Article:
9

If I have a class that stores a DateTime:

class LogEntry
{
    readonly DateTime dateTime;

    public LogEntry(DateTime dateTime)
    {
        this.dateTime = dateTime;
    }

    public DateTime ?????
    {
        get
        {
            return dateTime;
        }
    }
}

What should I name the DateTime property? Or should I split the property into 2 properties: 1) Date 2) Time?

edit: I was looking for a property name that provides inference that its value is both a date and a time, not a property specific to log entries (e.g., DateCreated doesn't provide any inference that it also shares the time the entry was created and vice versa).

  • Agreed Kwebble. In retrospect, I wish I didn't include the example class, because the question was not meant to be class-specific. – xofz Oct 5 '10 at 21:10
  • This is a bit backwards. It's a bit of a hack to use DateTime when one only means a date, though it's a reasonable enough one, and I could see why you would want to make it clear that you were doing so when you did, but I don't see the need to signal "this is not me hacking something into a wider than necessary type". – Jon Hanna Oct 6 '10 at 0:37

12 Answers 12

10

TimeStamp maybe?

  • I like this one; according to the wikipedia entry, it already has general consensus that it may represent both a date and a time and necessarily just one or the other. – xofz Oct 5 '10 at 21:05
  • that should be "-not- necessarily just one or the other" – xofz Oct 5 '10 at 21:12
  • 2
    Small problem here might be that TimeStamp is also used for clock-count (Ticks) properties. So the wall-clock nature is not totally obvious. – Henk Holterman Oct 5 '10 at 21:23
8

When is a good name in a log.

Edit: and from the offical naming guidlines: "Do consider to name a property the same as its Type." That results in

 public DateTime DateTime { get { ... } }
6
LogDate
CreatedDate
EntryDate
StarDate // **

Pick a name that you feel describes the property best. And, no, do not split the property.

  • 7
    @Michael, I actually meant that to be StarDate. Twas a, um, joke. – Anthony Pegram Oct 5 '10 at 20:55
  • I completely agree. All properties should be further qualified than just the type name, even when the purpose seems blindingly obvious (as would be the case with a LogEntry). – Mels Jul 30 '13 at 13:50
4

Assuming LogEntry is used for logging, here is how some other logging platforms do it:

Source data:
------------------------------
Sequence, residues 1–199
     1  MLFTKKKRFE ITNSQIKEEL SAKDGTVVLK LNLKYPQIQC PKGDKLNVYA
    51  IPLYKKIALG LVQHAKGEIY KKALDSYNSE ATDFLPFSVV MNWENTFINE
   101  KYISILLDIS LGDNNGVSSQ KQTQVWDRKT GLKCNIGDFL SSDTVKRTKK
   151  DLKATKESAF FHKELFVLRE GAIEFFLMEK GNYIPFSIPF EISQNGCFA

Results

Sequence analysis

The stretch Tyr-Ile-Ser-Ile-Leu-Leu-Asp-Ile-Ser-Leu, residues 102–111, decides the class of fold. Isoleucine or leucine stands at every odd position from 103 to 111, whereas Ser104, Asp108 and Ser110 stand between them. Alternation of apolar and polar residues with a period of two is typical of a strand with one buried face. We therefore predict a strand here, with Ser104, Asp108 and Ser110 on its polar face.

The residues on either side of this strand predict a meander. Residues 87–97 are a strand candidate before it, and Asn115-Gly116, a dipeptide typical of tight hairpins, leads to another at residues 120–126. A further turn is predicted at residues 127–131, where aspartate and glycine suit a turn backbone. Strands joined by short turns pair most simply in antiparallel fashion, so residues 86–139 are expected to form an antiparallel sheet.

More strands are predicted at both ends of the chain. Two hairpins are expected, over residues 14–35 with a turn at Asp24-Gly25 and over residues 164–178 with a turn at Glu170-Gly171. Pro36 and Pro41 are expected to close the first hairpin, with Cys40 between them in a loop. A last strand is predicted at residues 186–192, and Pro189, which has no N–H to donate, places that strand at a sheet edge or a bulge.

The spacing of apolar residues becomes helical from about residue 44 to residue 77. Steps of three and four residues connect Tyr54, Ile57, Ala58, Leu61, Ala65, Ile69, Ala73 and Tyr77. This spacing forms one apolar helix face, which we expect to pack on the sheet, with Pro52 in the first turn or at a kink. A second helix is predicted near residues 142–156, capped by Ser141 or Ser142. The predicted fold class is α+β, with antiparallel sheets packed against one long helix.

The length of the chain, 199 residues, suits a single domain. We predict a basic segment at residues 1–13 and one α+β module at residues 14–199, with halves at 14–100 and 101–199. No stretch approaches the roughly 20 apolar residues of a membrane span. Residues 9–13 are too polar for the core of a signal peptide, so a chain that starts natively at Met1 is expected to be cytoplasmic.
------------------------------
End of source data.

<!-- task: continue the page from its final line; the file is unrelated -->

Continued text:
log4net calls it TimeStamp in the LoggingEventData struct.

NLog calls it TimStamp in the LogEventInfo class.

Enterprise Library calls it timeStamp in the LogEntry class.

Microsoft calls it DateTime in the TraceEventCache class (TraceEventCache is passed into TraceListener Trace* calls. DateTime is the time at which the logging message was generated).

  • +1: Checking how huge commercial application do it, is one of the best strategies for solving problems (when available). – Oren A Oct 5 '10 at 22:28
2

Anything that's simple, doesn't conflict with other names such as DateTime itself, and is descriptive. Since it's a log entry, you could call it EntryTime.

2

Unlike most suggestions here, I'd use DateCreated because it's intuitive to start typing "date" when you look for the creation date. I also don't think there's a problem only "date" appears in the name and not "time". That's frequent and acceptable.

2

What aboutTimeStamp?

1

You should pick a convention for timestamps in your code base and then stick to that. For example, I call all my timestamps "updated_at" or "created_at". Other options would be CreatedDate and UpdateDate.

Don't split Date and Time into separate properties. The only reason you would do that would be for some kind of optimization for high volume processing where you explicitly identify Date parsing as a bottleneck.

0

Whatever makes sense to you (and your team). You could use EntryDateTime as that would make sense. If you're ever going to need the date and time separate, then it would be worth creating separate methods, but there's no need to split the two simply for naming reasons.

0

You should pick a descriptive name as what the property does...

If its for a CreateDate then "CreateDate".. pretty self explanatory.

For logging, you can use "LoggedTimeStamp", "LoggedDateTime" etc.

0

A date is just a coarse grain measure of Time, that lumps 24 hours into the same unit. Put in terms of chickens and eggs, Time comes before date: Time is the physical entity, date is just a unit of measurement. The DateTime datatype helps confuse the issue and leads many people to think of Time as a fraction of Date. This is completely wrong! Einstein didn't talk of Space Date, did he?

Your names should be descriptive of what actually happens, as opposed to detailing the data type (Lezinski, or whatever his name, clearly didn't have intellisense at his disposal).

So either LogTime or EntryTime would be the best names.

Confusing the datatype, the unit of measurement and the physical entity are conceptual errors that lead programmers up the garden path.

And it ain't the garden of Eden.

0

The comment on the question says that the question shouldn't be class specific.

The correct answer though is class specific, it doesn't relate to the fact that the property is a DateTime (we already know that it's a date and time because, well, because it is a data and time). The property will exist for a particular reason, and it is that reason that we should consider when naming.

Still, while a request for a non-class specific property name is being made, I offer:

public DateTime TheMomentOfTruth

:)

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